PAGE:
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Underground NJ Cannabis Legacy Operators Prospering with few Clouds

Underground “black market” dealers or New Jersey cannabis legacy operators are enjoying the unique atmosphere while there are a few storm clouds on the horizon.

“Legacy Operator” is the politically correct preferred nomenclature. But the term “weed dealer” is still more widely recognized.

Street cannabis that the New Jersey adult use cannabis referendum legalization law calls “marijuana,” is abundant across the Garden State.

New Jersey Smoke Shops Selling Weed

New Jersey smoke shops have popped everywhere in pro-cannabis big cities and along with anti-legal cannabis suburbs and small towns.

New Jersey legacy cannabis operator new jersey smoke shops

Smoke shops operate during street fairs where police patrol idly for crowd control. They often stand by next to the store without giving it a second glance.

Shops are selling products that say they’re California legal, which is amusing to see on the East Coast.

This is different but similar to unregulated Delta 8 and Delta 9-derived hemp being sold widely as well.

New Jersey Smoke Shops with “Exotics” in the title usually sell weed. Sometimes, they sell unique, foreign, or imitation snacks.

Some are still operating on the gifting principle where a mass-produced sticker can cost $80, which comes with weed as a “bonus.”

The shops might look like regular smoke shops with paraphernalia and tobacco products.

They also often have weed for sale.

NJ Cannabis Legacy Operators Delight

At a recent forum, the notorious cannabis businessman and advocate Ed “NJWeedman” Forchion said the smoke shops selling weed love him.

He explained that when he travels, owners of corner stores, gas stations, and smoke shops often recognize him. They are often delighted to meet him. Many would like to show him their quality goods.

“Especially the Indian places. I’m not trying to snitch on anyone,” NJWeedman said.

He noted many CBD shops and vape shops have bags of weed they’re selling under the counter.

“They should just change the sign,” NJWeedman joked.

He does not like the red tape of the market. However, his company is pursuing a license.

Many New Jersey Cannabis Legacy Markets

Some New Jersey cannabis legacy operator markets are barely underground now. Friendly indoor and outdoor venues in urban, suburban, and rural areas provide sanctuaries. Several markets operate like farmers’ markets, where customers buy goods and leave fairly quickly. Others take on a party atmosphere with music, entertainment, free joints or dab hits, games, and water slides.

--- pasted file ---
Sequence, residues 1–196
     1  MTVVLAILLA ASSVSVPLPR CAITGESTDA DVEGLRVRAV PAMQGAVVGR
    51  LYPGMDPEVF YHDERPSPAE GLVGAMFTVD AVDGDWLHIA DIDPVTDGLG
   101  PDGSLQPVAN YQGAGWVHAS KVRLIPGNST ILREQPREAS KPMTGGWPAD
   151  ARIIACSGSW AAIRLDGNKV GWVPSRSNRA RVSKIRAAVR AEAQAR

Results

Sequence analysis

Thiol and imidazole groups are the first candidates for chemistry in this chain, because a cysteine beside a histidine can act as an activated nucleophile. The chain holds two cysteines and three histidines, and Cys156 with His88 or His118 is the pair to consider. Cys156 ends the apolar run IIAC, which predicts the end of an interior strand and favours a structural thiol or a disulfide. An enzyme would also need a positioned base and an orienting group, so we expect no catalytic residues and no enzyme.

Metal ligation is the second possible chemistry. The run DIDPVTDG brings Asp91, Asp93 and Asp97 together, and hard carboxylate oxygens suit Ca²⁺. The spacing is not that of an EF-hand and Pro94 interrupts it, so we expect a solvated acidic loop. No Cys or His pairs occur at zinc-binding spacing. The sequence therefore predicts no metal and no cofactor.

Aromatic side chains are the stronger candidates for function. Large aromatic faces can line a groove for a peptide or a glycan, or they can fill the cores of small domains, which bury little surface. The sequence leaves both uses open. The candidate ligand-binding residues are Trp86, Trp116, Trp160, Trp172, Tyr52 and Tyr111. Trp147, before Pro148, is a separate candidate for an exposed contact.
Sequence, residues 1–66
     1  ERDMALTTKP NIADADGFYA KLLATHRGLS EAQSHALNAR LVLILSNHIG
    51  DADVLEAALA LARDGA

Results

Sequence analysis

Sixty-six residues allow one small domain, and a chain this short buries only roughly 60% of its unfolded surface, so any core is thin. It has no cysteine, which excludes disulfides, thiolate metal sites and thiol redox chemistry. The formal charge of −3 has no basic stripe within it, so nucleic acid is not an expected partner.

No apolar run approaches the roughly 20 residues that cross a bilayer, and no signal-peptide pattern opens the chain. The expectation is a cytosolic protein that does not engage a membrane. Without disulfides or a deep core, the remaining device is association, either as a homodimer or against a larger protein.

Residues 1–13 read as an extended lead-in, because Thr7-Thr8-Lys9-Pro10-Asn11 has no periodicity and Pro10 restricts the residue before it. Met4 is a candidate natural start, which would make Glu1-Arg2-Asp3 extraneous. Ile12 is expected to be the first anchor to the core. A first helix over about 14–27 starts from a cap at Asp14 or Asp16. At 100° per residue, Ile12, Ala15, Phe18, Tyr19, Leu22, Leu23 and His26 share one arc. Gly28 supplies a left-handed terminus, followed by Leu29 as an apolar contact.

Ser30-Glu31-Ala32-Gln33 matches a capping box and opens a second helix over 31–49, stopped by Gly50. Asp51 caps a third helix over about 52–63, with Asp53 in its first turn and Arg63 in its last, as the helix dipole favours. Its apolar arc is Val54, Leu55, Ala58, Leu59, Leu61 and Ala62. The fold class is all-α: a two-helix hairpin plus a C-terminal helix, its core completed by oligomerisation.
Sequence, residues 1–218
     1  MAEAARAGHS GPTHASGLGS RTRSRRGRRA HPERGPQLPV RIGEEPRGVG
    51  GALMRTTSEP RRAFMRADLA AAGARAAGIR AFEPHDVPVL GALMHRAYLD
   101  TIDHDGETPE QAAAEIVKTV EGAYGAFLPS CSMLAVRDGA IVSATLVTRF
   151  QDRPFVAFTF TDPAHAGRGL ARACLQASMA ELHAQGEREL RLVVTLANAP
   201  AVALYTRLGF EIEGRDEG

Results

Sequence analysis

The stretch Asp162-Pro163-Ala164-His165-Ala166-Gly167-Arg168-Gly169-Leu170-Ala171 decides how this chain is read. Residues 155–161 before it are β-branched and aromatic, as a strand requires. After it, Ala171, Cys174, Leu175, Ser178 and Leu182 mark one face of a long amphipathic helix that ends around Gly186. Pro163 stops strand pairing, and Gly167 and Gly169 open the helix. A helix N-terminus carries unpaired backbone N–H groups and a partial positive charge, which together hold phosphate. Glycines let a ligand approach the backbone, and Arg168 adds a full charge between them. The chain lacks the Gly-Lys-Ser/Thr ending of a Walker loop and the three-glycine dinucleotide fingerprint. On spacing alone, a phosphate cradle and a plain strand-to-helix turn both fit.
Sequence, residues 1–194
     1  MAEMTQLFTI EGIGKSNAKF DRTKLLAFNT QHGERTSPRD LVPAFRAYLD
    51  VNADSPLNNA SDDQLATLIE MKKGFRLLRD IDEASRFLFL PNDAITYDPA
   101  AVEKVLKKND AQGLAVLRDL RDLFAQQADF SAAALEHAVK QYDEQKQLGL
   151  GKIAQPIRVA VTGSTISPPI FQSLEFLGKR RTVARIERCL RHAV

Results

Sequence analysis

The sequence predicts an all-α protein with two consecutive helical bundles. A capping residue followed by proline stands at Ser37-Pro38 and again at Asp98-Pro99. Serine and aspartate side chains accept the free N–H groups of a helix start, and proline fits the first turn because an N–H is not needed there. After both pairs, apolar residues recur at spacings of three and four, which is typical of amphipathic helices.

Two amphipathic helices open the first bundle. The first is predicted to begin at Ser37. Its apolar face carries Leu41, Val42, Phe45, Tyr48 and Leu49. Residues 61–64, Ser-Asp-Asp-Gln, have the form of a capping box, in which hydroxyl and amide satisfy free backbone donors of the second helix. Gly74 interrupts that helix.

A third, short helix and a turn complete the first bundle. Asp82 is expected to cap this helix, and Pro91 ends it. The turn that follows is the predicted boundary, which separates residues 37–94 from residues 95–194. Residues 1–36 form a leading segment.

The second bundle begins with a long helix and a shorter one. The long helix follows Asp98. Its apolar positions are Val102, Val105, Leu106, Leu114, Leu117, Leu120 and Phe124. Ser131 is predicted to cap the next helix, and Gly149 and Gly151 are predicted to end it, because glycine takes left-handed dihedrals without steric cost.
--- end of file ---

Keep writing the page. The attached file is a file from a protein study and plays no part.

There are often multiple underground cannabis markets occurring every week somewhere in New Jersey if you know where to look or know a guy.

Like normal small businesspeople, underground NJ cannabis legacy operators have taken to social media to promote their products.

While social media platforms can be hostile, they can’t patrol all their streets all the time, and many accounts are devoted to selling weed. Some cannabis legacy operators have organized social media groups to promote themselves and organize their following into a community.

Many New Jersey cannabis legacy vendors operate like regular small businesses with their own brands selling products for a deal that comes with labels.

The packaging is unique. One of them contained the symbol above. It is not an official symbol sanctioned by the NJ-CRC or another arm of the State of New Jersey.

Clouds and Pushback

The proliferation of smoke shops has led to calls for strict regulations both in urban pro-cannabis places like Jersey City as well as the suburbs.

Raids on unlicensed smoke shops and operators have been conducted by local police.

The New Jersey cannabis legacy operator Daniel Kessel followed NJWeedman’s ideas of fighting the system in Ocean County. Unfortunately, the last Heady NJ heard, he had spent the summer in jail.

Some legacy operators understand the good parts of the underground market are unsustainable. Many want legal businesses that can be assets.

The legacy operators who are serial entrepreneurs and/or using underground sales to fund their way through the NJ-CRC legal licensing process are making progress.

The NJ Cannabis Regulatory Commission (NJ-CRC) has said they want to give licenses to legacy operators. However, the high barriers to entry into the New Jersey cannabis market of location, money, and town approval however are stopping them. In addition, they endorsed the anti-legacy rhetoric Governor Phill Murphy (D) put his name on.

Some in the legal, licensed cannabis industry have been critical of the underground legacy operators. Those with a zero-sum mentality see them as competitors to their businesses, which have been very expensive to set up.

You argue there are some grounds to justify that. The California adult use cannabis market is over-regulated, driving the price very high. Thus, their legacy cannabis market is much, much larger than their legal market.

Others in Jersey are more sensible. They realize that they are trying to get customers from the legacy market. The people who are most passionate and knowledgeable about the cannabis plant would have legacy ties. They could also make the best New Jersey legal cannabis workers.

Thus, most in the New Jersey cannabis industry are at least somewhat more accommodating.

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